The Daddy-Daughter Day

Being a father is a wonderful job, no matter the gender of the bundle of joy we're raising. If you can think outside the box, there are loads of activities that will make your bonding time unforgettable



Days of fun

Since my daughter's birth over two years ago, I have considered myself extremely lucky to be in a position to have a consistent amount of exclusive 1-1 time with her. Unique time to be able to add a father's touch to her introduction into the world.

I'm not talking about a few hours whilst mummy goes out for a haircut or has lunch with a friend. Nope. I'm talking about whole days at a time, sometimes two or three. This exclusive time is able to happen because I have at least one weekday off from work every week. Mummy works full time Monday-Friday, which means we have weekends off together as a family. To us this is equally as important, but to have real extended times together as "daddy and daughter", is amazing in so many ways.

Dad time - Mum time

Exclusive time with my daughter gives my role as daddy a sense of identity and additional meaning. It gives us both the chance to connect in ways which simply don't happen when you are amongst other family members and friends. It's my opportunity to add my own energy, ideas, smiles, and memories. I know for a fact this works when her mummy has exclusive time too. It's mummy's moment to simply be a mummy, and for our daughter to reap the benefits of that. Not forgetting it is also a chance for our daughter to interact with each parent individually on ways she wouldn't normally when we are all together.

The power of 'anything can happen'

So, what do we do during our days together? To be perfectly honest, there has never been a set plan of events or schedules to follow. I am a relaxed parent, as is my wife, therefore we do as we please. Once mummy has left for work, we have "breakfast club" together. A time to sit down at the table in surrounding silence. We may have a toddler chat - which usually consists of her telling me that she is eating Cheerios and I am eating toast.

A quick Peppa Pig session may follow.

And then another one. It depends on the day.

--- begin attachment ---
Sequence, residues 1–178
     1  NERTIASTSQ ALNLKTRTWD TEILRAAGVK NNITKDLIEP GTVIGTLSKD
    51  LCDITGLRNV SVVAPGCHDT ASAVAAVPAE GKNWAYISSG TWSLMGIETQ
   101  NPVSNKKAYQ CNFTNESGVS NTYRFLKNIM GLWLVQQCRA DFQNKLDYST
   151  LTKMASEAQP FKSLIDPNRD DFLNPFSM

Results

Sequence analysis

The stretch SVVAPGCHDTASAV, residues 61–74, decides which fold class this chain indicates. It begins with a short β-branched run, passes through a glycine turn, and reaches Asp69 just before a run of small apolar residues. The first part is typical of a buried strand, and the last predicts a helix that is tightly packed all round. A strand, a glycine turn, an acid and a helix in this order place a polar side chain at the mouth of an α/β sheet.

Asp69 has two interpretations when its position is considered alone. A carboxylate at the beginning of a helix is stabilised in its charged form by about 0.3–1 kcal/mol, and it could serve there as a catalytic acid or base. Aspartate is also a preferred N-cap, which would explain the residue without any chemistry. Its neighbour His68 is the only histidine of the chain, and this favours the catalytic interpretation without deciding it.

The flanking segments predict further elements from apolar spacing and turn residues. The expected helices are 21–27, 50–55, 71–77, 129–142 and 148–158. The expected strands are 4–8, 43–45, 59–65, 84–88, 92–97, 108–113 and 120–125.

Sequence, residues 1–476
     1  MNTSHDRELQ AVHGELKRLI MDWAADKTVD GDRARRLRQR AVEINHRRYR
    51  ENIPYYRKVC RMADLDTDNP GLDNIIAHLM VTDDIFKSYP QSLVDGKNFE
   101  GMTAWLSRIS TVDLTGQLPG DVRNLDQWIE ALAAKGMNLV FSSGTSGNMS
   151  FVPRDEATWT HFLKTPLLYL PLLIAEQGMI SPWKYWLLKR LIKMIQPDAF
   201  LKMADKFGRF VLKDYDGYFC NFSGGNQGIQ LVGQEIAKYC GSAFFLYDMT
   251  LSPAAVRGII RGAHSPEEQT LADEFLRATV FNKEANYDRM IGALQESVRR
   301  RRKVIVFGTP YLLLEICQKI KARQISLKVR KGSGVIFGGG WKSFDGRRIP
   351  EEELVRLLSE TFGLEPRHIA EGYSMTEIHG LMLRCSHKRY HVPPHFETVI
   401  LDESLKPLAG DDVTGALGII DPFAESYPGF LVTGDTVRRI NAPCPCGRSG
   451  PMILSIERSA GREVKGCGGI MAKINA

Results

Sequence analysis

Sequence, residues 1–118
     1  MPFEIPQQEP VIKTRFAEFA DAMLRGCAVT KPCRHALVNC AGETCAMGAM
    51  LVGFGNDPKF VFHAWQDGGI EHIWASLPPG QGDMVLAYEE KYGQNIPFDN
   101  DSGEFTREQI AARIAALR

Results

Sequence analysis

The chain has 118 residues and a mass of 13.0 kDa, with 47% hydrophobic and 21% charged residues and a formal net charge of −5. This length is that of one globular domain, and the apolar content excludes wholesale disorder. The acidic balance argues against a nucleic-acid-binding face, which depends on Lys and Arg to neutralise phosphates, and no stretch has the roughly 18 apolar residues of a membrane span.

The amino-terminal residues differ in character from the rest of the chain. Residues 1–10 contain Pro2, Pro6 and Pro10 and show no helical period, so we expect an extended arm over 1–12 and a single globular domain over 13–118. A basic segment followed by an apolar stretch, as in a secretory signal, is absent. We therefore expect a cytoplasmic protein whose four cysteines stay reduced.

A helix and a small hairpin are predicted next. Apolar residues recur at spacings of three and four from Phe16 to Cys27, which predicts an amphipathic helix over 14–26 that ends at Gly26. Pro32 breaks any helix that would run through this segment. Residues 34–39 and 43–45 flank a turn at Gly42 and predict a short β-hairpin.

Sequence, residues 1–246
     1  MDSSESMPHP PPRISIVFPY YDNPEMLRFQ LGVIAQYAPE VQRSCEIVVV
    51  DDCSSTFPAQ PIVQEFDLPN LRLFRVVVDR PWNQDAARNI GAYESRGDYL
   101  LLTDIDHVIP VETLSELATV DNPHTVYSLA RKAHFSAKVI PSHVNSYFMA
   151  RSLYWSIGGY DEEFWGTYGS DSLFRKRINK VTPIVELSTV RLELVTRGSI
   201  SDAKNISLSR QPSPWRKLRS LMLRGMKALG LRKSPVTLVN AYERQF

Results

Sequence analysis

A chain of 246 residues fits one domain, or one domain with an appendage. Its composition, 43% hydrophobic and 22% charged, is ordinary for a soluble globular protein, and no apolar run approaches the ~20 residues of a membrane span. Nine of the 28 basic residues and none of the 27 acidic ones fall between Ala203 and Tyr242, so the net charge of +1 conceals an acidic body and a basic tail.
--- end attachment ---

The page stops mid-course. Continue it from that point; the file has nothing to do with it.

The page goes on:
Mid-morning, we may venture outside for some fresh air. A slow walk to the shops to buy a cake for our world-famous Daddy-Daughter Cake Club. On the way, she may pick up some leaves and sticks or jump in muddy puddles, until we finally arrive at the bakery. If we make the executive decision to sit inside the bakery (her decision), we both sit in the lovely kid's area, which consists of those small-people chairs you used to sit on during Primary School. A hunched-up daddy and perfectly postured toddler munching away on a sugary delight, whilst having another one of our toddler chats. She tells me, "Daddy, sit down, it cake club". Heaven.

Play, discover, grow

During recent months, I have taken her to a Nursery Rhyme group at our local library and even more recently, introduced her to a dance class. Whilst at these classes, she, along with a lot of other toddlers understandably start off nervous and apprehensive in their behaviour. They assess their surroundings and make informed decisions about whether to take part and run around like a lunatic or not. During these moments, it is always comforting to know that when her confidence visibly increases and she ventures away from my side, she will regularly look back to check I am still there. She may walk back to sit on my lap and curl in to my chest, or she may stay where she is. Either way, it is a warm feeling to experience as a parent. She feels safe as long as her daddy is there.

After a group or a class, we may have lunch in either a café or within the comforts of home - nothing is set in stone. Still both together, still mucking about, still holding hands, still laughing, still crying, still grazing her knee - still creating memories.

During the afternoon, we may play with her toys on the floor or in the garden; we may run around the house; we may play hide and seek where she doesn't quite understand when she is the "seeker"; we may both hide in the cupboard when there is nobody else to find us; or we may both fall asleep on the sofa for an hour.

And then mummy arrives home from work and is greeted (usually), with an almighty smile to welcome her home.

Daddy-Daughter day is over, family time begins.

Andy Robinson, Working Dad and Tinies Manny

Find more child and parenting related articles on Andy's Huffington Post page.

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I just wanted say how delighted we were with the crèche facility. I have had comments of how great it looked and how lovely and helpful the girls were.
Lucidd Crèche, Slough